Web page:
CHELYABINSK, Russia - A Canadian living in the biggest city affected by the meteor that streaked over Russia's Ural Mountains says he was terrified at first.
Saskatoon native Michael Garnett, who plays hockey in the professional Kontinental Hockey League, says he was jolted out of bed by a tremendous blast that shook his apartment building.
When he looked out the window, he says he saw a bright streak across the sky.
The 31-year-old initially thought there had been a plane crash or a bomb blast, but later learned what happened when he drove to hockey practice less than a hour later.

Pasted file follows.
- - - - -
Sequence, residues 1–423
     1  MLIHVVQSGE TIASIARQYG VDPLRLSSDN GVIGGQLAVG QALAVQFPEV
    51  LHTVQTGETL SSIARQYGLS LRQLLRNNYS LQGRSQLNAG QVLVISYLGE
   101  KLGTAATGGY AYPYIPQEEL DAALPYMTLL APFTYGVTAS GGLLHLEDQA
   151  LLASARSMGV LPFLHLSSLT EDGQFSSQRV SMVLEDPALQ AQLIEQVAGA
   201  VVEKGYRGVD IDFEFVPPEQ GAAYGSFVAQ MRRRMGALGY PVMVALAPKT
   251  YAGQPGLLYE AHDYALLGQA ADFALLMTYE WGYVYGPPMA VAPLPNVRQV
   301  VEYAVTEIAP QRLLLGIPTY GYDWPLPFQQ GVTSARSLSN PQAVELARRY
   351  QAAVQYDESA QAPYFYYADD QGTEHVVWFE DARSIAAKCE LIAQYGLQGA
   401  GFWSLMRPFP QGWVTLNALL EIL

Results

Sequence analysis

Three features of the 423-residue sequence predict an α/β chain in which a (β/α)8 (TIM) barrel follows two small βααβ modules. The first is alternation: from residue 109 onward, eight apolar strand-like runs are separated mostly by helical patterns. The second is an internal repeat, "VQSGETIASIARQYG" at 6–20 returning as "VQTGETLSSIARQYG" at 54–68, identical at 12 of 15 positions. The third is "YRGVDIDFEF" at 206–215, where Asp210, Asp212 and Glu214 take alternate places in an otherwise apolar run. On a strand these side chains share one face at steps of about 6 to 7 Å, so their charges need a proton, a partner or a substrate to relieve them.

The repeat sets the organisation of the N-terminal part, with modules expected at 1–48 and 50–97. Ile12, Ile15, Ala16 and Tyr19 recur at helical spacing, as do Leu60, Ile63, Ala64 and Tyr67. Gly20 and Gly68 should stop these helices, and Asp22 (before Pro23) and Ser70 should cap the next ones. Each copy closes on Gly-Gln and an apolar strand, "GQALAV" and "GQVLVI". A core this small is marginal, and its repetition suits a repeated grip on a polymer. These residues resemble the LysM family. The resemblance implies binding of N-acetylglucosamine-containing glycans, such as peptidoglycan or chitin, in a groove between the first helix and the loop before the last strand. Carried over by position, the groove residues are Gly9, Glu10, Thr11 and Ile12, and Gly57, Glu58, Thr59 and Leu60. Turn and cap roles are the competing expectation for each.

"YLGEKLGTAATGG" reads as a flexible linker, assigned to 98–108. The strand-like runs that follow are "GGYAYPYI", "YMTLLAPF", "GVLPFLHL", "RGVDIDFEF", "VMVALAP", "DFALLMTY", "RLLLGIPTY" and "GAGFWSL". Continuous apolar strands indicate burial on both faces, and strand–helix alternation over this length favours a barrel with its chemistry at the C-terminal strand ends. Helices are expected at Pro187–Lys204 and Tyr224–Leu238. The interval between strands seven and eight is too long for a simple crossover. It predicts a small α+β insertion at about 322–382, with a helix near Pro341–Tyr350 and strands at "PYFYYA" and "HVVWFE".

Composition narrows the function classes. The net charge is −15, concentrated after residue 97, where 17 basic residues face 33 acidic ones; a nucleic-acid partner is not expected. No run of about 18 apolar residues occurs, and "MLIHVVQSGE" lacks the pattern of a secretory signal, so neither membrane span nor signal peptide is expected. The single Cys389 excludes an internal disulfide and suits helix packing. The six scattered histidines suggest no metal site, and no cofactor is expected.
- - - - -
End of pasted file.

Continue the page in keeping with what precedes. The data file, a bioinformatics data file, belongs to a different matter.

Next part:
He saw buildings with windows blown out and says the arena his team plays in was damaged.
The Russian Academy of Sciences says the meteor entered the Earth's atmosphere at a speed of at least 54,000 kilometres per hour and shattered about 40 kilometres above the ground.
The fall caused explosions that broke glass over a wide area.
Officials say more than 500 people sought treatment after the blasts -- mostly for cuts from broken glass -- and that 34 of them were hospitalized.
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- Kontinental Hockey League